- that we actually participate in the operation of this universe - it responds to us.
The first point that we live in a universe with an invisible connection between everything resulted from an accidental discovery when Einstein initially felt that his Nobel-winning Quantum Theory was too unpredictable, and attempted to discredit quantum physics.
His displeasure led to his debates with Niels Bohr on whether matter could be affected by an influence that might travel faster than the speed of light. Quantum Theory seemed to indicate this, though the tenet that nothing is faster than the speed of light contradicts. Intending to discredit Quantum Theory, Einstein and his associates put together a mathematical thought experiment that carried Quantum Theory to ridiculous lengths.
Essentially, sub-atomic particles (such as electrons) have a property called 'spin'. When they are paired, they behave as a single unit, i.e. when one spins up, the other spins down; when one spins left, the other spins right. Any changes are instantaneous. This thought exercise became known as the EPR paradox and showed that this remained unchanged regardless of the distance between the particles. Even if there was some form of long-distance communication between the particles, it is impossible for instant change as it would violate the limitation that nothing travels faster than the speed of light. This debate lasted for more than 30 years as this seemed to show that either Quantum Theory was wrong one of the tenets of Quantum Theory was wrong.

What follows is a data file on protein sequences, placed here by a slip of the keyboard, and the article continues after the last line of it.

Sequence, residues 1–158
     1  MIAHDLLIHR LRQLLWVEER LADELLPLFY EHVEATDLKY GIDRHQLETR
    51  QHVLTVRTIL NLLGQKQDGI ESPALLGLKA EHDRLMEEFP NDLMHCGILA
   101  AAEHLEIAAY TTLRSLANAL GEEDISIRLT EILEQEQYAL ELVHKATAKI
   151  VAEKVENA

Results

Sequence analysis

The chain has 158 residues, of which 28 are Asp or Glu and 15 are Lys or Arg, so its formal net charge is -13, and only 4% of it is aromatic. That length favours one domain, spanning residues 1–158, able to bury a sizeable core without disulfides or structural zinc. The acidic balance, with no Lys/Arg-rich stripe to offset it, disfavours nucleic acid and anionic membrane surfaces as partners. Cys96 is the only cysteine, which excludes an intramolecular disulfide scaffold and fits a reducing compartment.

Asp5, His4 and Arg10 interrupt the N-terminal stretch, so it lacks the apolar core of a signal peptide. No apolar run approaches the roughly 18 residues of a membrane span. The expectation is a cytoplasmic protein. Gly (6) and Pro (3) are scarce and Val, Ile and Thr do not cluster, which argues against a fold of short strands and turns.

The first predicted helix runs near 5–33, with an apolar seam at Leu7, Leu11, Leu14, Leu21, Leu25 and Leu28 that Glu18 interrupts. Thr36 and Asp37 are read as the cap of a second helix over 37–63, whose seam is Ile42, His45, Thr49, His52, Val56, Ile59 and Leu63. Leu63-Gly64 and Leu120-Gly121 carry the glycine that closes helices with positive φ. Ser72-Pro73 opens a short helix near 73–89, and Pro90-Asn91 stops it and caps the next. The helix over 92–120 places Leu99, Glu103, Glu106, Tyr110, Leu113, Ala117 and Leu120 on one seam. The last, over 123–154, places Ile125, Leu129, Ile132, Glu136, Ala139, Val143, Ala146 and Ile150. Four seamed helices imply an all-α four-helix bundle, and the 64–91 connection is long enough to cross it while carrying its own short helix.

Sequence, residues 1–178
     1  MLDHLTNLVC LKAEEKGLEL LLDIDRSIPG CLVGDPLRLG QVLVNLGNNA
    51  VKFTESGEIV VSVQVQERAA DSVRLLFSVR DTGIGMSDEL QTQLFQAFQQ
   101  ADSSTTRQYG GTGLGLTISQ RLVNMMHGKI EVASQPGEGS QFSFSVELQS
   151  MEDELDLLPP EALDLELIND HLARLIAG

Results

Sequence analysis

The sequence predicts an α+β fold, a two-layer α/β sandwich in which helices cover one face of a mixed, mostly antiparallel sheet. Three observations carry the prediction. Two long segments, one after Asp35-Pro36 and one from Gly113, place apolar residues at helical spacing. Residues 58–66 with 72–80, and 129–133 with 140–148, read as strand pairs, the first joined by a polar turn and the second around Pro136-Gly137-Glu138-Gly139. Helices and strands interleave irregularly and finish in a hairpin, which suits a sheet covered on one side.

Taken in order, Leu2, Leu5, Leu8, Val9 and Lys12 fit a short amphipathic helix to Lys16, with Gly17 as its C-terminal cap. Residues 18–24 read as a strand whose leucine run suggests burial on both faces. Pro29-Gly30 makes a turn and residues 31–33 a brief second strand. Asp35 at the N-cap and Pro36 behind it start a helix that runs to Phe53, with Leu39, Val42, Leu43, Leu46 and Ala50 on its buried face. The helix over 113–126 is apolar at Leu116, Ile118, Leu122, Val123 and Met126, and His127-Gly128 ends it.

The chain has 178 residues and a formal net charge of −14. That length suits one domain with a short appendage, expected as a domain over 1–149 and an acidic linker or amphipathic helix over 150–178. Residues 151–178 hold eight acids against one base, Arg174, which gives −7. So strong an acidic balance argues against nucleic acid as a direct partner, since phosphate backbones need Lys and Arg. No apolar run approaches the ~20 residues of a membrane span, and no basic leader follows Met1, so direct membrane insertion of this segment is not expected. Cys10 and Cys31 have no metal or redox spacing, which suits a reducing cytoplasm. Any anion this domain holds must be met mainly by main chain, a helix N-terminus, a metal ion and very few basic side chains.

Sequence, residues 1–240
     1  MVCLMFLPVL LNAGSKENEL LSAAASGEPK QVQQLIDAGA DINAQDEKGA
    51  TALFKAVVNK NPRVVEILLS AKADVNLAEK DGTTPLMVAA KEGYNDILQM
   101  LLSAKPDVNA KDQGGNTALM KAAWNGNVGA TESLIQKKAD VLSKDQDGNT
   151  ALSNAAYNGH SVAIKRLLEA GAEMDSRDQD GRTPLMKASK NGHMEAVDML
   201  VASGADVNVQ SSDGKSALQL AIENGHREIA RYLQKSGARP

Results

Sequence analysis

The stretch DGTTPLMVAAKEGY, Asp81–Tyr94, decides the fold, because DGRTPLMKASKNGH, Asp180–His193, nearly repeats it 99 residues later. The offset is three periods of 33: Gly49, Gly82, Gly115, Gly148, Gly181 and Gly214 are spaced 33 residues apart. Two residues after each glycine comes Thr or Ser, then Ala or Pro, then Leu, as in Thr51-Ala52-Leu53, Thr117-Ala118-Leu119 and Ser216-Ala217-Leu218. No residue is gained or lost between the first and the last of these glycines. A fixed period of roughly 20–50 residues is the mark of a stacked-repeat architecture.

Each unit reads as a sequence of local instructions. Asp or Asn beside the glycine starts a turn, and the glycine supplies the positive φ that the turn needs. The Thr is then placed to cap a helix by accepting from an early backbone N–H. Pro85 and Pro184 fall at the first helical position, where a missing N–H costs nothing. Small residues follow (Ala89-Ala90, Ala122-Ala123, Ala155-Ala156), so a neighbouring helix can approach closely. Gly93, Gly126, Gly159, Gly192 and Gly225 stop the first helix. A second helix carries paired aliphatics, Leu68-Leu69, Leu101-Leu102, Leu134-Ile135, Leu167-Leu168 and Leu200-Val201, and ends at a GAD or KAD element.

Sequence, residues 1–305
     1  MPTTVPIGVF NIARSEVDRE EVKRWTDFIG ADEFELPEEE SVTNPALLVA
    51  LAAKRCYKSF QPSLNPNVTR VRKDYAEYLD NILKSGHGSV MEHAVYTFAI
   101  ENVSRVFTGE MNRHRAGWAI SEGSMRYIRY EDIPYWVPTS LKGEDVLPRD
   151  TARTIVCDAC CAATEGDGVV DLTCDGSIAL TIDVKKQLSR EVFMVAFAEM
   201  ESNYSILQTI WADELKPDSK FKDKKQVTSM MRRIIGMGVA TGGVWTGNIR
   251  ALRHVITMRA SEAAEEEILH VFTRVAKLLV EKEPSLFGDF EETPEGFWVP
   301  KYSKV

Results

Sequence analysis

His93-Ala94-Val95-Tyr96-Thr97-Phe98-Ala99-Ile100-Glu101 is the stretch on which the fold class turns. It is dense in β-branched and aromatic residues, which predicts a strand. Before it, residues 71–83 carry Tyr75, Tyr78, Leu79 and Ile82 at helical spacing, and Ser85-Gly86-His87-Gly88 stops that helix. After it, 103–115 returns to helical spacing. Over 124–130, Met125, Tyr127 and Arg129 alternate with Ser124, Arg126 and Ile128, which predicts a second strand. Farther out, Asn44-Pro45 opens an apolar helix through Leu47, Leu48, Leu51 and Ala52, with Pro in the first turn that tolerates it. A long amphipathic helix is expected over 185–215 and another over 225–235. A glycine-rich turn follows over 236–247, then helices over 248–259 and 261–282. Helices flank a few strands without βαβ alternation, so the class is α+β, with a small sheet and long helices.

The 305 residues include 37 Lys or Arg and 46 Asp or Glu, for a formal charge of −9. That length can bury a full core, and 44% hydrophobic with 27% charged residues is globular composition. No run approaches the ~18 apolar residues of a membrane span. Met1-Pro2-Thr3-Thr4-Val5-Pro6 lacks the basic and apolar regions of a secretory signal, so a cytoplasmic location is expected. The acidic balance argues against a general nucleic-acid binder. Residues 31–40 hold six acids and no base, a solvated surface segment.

9 years after Einstein died in 1955, John S. Bell developed Bell's Theorem to prove that both were correct - that Einstein's tongue-in-cheek proposition does hold truth. Bell's Theorem states that 2 particles, no matter how far apart, are part of an indivisible whole that cannot be broken into smaller parts. Instead of a 'long-distance communication', there is an invisible and unbroken connectedness between them, and everything else.